BUT…

I don’t count on God to do my recovery for me and I feel that the willingness has to come from inner strength and determination. Don’t count on God for that which YOU are alone responsible. God is there to provide what you can’t provide of your own accord. Here’s my personal dichotomy: At rehab I was so desperate I prayed for the first time in years. What I received when I opened myself up and asked for it, were things I could not even hope to provide for myself and yet because, out of an extreme emotional investment and desperation I reached so far beyond my personal attachment to this cosmos, I was rewarded with answers, immediate and profound. It was my epiphany.

That’s all I’ll say about that. My point is, that my personal experience went so far beyond the magical God formulae they try to shove down your throat at AA meetings and yet may not have ever happened if I had not been exposed to the opportunity to heal that the rehab afforded. I did realize that Higher Power means simply that if you don’t realize that you are an integral piece of something much greater than the sum total of your parts, you will be valueless and in your own hell. That is the awakening that starts one down the road to recovery. Not guidelines; not twelve steps; not dogma, not denial or deprivation. It’s a bit of intuition. It’s throwing off some of the pseudo-pride we grow into and laying yourself bare and vulnerable that starts the healing. It’s very personal and introspective.

I said that I’m cured, and I am. If there’s one thing I learned in my awakening it’s that there are very few real absolutes. If I ever relapse, it certainly won’t be the fault of the alcohol. It will be because I have allowed it. I’ve had two potentially serious slips since being back, but with determination and the help of a loving family, I worked my way clear of them. Since then I’ve attended many social/family functions where there was drinking aplenty. On St. Patrick’s Day I had two Bourbons over ice and on Mother’s Day I had four glasses of red wine. I haven’t back-slid into alcoholic abuse, but then my problem was never about alcohol; it was about personal issues that I was too weak to address and allowed them to manifest themselves into alcoholic abuse. Once I recognized them and addressed them the alcohol ceased to be the issue. That is not to say that I never became physically dependent, I most certainly did. I had the ever-present shakes and nausea and experienced hallucinations and horrors compliments of delirium tremens that were akin to hell. I ended up in the hospital eight times in 2009 alone. My detox, nearly killed me.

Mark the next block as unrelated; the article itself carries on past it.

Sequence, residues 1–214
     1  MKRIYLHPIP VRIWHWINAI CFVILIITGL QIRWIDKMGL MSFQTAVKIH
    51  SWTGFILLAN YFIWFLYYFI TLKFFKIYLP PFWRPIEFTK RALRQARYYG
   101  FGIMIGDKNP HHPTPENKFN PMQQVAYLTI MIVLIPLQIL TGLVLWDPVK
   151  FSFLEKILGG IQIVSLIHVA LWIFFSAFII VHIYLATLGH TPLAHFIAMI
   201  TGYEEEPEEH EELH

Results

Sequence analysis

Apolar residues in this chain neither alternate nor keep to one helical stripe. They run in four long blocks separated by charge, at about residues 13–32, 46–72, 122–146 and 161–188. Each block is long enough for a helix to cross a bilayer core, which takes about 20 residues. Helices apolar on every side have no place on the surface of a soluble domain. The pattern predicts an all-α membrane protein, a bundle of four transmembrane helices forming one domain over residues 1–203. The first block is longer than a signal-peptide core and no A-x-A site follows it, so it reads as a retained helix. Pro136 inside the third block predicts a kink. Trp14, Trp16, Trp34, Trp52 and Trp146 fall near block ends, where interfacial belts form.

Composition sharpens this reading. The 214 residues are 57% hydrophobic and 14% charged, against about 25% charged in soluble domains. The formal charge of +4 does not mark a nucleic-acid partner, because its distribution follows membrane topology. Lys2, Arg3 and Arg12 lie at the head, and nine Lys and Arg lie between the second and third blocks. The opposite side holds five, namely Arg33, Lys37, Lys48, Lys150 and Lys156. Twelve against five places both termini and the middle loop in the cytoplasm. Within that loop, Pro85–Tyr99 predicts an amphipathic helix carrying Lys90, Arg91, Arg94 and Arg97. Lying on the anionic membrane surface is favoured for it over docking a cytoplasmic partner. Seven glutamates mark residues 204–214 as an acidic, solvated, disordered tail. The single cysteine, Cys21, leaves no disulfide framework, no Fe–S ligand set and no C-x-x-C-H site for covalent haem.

I attended a bunch of meetings when I came home and was still re-experiencing the AA dogma and indoctrination that I’d experienced at rehab, but there was something different. I was back in the real world trying to get back into real life and I realized one night after listening to a number of other personal stories and experiences, that they were all the same stories. Of course there were variables that gave them some differing qualities that made these poor schlubbs feel as if they were telling uniquely personal tales, but they all had the AA flavor that they were helpless without the organization and that they were so thankful for meetings that they could depend on for strength for the remainder of their lives.

At my last meeting, I sat through more of the same and someone got up and suggested that we all stand and give the reasons that we attend these meetings and what we get out of them and why we were so thankful for the blessed ministrations of Alcoholics Anonymous. A lady in the row in front of me had members of her family with her and she got up and told how she’d always had a drinking and drug problem and if it weren’t for these meetings her family would have bailed on her a long time ago, and a bell went off in my head. I thought, “Well, there ya go. No wonder you drink if your family comes second to these meetings.” And yeah, she probably will need them for the rest of her life.

When it came my turn to tell my reason for attending those meetings I rose, took my coat from the back of the chair and said, “I attend these meetings, to someday be able to not need them anymore; to someday be able to walk out that door and not look back. Today is that day.” You could have heard a pin drop. I turned and walked out the door. When I was outside I heard some of the crowd clap and cheer. Whether they did so because they were happy for me or happy for being rid of me, I care not. I’m glad to be shed of them.

Why AA Didn’t Work for Me (But Rehab Did)

George Yesthal

Brodheadsville, United States